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Welcome to “Another Movie Guy?”! I normally review recent new releases, and then mention similar movies worth checking out. Today there is a slight deviation. I have the unique pleasure of reviewing a movie before its release. I won’t follow the usual format, but still feel free to angrily disagree.

http://www.youtube.com/watch?v=BSy96KB7Dh4

It’s a tricky thing to generate suspense when a story has a foregone conclusion. Bryan Singer, the director of the new WW2 thriller Valkyrie, knows this. I’m pretty sure that Tom Cruise, the movie’s star, know this. Everyone does their best, but we all know that Cruise’s character, a German military officer, fails to kill Hitler. There is no suspense. Despite all its polish, the movie is amounts to little more than a tedious exercise.

Colonel Claus von Stauffenberg (Cruise) seriously dislikes the Chancellor of Germany. While serving his country in northern Africa, Stauffenberg is hurt in the line of duty, losing his left hand and two fingers on his right hand. Sure, he hates Adolf before the attack, but after Allied warplanes fuck up his shit, he gets fucking pissed. At his new job in Berlin, Stauffenberg finds like-minded German officers who want to kill Hitler. Admittedly, their plan is pretty clever. They intend to blow Hitler to smithereens, and use a secret army intended to secure Berlin, called Valkyrie, as a means to arrest the SS. Because of dumb luck, Stauffenberg fucks up big time, yet somehow believes that he can still save the German people from their leader.

A huge problem with Valkyrie are the accents. Except for the introduction, Cruise sounds like an American. All his accomplices sound English. The only character who actually sounds German is Hitler himself, which implicitly suggests that those who sound German are unfathomably evil. The bigger problem, however, is that because the audience walks in knowing what happens, the story is not interesting. There are some Hitchockian moments in which unexpected situations complicate the mission, but they are perfunctory. We know Hitler will survive, and that the conspirators will not. Other WW2 movies had character development, which forced the audience to care about a characters’ fate. Valkyrie has absolutely no character development. All we learn about these men is that they hate Hitler, and will continue on their mission even if failure is absolutely certain. At one point, Cruise encounters a younger German officer, and without blinking an eye, asks this young man to commit high treason. The younger officer accepts, and we learn nothing else about him. Such scenes are designed, I think, to show how passionate these Germans were. Yet we are never made to understand why they felt their mission was so necessary.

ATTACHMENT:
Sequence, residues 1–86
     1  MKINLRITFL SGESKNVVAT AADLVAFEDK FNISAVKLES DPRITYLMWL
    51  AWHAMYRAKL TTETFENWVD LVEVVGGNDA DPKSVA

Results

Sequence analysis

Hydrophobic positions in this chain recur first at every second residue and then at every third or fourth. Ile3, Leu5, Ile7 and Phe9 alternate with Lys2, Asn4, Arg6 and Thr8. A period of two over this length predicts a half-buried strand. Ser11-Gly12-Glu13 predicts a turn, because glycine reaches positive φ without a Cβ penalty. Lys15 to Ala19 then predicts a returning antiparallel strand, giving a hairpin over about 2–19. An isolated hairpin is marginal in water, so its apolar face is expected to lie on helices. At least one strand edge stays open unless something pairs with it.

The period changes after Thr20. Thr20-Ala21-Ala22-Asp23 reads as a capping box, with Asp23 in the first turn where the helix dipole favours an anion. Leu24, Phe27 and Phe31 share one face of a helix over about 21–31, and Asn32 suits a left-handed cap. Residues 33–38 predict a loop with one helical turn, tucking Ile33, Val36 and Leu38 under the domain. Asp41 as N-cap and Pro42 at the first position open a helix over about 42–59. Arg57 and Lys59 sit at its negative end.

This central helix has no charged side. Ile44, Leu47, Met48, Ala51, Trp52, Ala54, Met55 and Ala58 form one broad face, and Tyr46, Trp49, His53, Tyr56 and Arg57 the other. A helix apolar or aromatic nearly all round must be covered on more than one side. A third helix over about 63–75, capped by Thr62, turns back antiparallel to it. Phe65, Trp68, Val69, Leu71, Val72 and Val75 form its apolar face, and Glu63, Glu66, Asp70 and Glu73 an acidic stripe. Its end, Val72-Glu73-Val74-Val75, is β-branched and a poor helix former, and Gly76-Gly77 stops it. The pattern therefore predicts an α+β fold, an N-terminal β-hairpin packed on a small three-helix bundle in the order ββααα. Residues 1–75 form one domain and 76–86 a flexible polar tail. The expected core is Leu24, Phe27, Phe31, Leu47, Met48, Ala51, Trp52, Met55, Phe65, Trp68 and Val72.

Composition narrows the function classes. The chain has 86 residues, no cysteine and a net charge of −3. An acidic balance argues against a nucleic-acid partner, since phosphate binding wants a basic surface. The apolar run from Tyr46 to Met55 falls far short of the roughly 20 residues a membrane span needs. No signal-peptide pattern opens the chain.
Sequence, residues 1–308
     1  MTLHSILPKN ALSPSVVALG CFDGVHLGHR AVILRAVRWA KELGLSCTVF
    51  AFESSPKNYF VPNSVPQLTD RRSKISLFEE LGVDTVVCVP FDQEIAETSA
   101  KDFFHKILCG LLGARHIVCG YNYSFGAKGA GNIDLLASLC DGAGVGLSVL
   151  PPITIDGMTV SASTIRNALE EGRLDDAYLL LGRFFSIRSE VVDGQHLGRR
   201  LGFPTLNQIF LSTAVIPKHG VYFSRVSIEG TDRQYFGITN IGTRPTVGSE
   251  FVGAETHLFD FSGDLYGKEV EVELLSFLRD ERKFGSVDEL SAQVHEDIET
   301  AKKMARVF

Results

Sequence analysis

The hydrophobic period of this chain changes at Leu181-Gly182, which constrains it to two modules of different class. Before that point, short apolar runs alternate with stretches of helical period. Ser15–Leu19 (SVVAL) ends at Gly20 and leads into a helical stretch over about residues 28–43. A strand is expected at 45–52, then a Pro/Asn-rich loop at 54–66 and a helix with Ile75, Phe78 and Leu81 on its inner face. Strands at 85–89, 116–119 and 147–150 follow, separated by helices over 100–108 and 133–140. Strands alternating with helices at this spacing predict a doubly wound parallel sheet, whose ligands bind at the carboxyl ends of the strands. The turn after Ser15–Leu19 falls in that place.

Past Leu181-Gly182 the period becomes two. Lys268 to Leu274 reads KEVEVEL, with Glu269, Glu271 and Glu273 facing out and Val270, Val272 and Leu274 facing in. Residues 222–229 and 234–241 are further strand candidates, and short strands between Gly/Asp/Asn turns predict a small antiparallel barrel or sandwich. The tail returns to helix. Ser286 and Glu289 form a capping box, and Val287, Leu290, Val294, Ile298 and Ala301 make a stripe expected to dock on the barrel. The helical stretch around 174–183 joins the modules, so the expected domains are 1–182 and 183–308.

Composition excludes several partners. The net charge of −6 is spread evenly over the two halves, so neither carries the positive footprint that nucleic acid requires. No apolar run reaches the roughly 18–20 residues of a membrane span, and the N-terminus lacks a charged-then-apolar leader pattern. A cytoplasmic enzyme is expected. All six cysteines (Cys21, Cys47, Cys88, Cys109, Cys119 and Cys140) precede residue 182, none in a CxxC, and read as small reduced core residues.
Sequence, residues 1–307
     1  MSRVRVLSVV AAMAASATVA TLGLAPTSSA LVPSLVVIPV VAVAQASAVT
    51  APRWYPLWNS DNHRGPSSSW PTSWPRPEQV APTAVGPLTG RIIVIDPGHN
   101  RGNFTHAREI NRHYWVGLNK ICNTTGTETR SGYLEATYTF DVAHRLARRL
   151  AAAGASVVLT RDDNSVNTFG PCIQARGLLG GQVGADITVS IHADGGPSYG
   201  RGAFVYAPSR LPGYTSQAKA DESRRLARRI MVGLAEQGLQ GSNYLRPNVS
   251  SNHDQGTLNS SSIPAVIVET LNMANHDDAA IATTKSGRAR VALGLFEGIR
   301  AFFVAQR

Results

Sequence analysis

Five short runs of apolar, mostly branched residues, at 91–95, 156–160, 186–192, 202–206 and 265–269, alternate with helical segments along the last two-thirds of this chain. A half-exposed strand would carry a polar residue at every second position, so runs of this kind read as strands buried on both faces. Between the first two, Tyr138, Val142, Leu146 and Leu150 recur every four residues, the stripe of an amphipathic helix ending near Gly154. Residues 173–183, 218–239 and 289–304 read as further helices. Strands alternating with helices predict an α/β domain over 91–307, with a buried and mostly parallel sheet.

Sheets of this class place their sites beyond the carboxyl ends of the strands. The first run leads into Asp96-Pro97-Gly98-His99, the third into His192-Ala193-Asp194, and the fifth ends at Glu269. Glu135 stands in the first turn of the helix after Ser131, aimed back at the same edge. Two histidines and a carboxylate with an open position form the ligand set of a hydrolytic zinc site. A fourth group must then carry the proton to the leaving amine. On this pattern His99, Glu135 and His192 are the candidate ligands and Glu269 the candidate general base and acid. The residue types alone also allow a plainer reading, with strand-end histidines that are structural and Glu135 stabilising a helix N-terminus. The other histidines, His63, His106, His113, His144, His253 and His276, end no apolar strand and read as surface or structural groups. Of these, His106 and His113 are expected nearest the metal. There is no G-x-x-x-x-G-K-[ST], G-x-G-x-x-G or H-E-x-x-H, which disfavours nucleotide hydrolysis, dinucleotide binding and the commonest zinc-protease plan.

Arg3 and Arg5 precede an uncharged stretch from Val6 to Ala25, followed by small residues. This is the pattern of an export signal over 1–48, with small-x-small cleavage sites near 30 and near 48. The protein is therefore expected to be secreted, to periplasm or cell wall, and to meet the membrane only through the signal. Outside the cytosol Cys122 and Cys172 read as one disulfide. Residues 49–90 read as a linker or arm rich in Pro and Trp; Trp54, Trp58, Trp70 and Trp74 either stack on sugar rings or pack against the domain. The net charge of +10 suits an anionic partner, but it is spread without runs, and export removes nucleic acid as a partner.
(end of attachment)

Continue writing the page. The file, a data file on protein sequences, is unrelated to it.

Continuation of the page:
Valkyrie does not care about the atrocities of World War 2. It does care about that an entire nation could adopt a viewpoint that’s fundamentally wrong. Hitler’s horrors are brought up briefly in the opening monologue, and are never considered again. Valkyrie instead presupposes that Hitler’s assassination is a near-impossible undertaking, and that these men deserve special distinction. I think an argument could be made that these would-be assassins were simply egotistical and foolhardy. This movie made me laugh unintentionally on multiple occasions. Sure, the direction is polished, but the basic premise of the movie is fundamentally flawed. More importantly, Tom Cruise is far too controversial to play a character who requires instinctive sympathy from the audience.

If you want a truly chilling movie about Hitler’s final days, rent Downfall instead. It argues that Nazis were not monsters but human, which makes their actions far more terrifying.  Learning about this moment in history could force even the most optimistic person to reconsider their faith in humanity. But Valkyrie never supplies the audience the crisis of conscience that its characters felt. I never believed any of it.

That’s it for this week’s “Another Movie Guy?”! Tune in next week when I age backwards then get ready to rumble.

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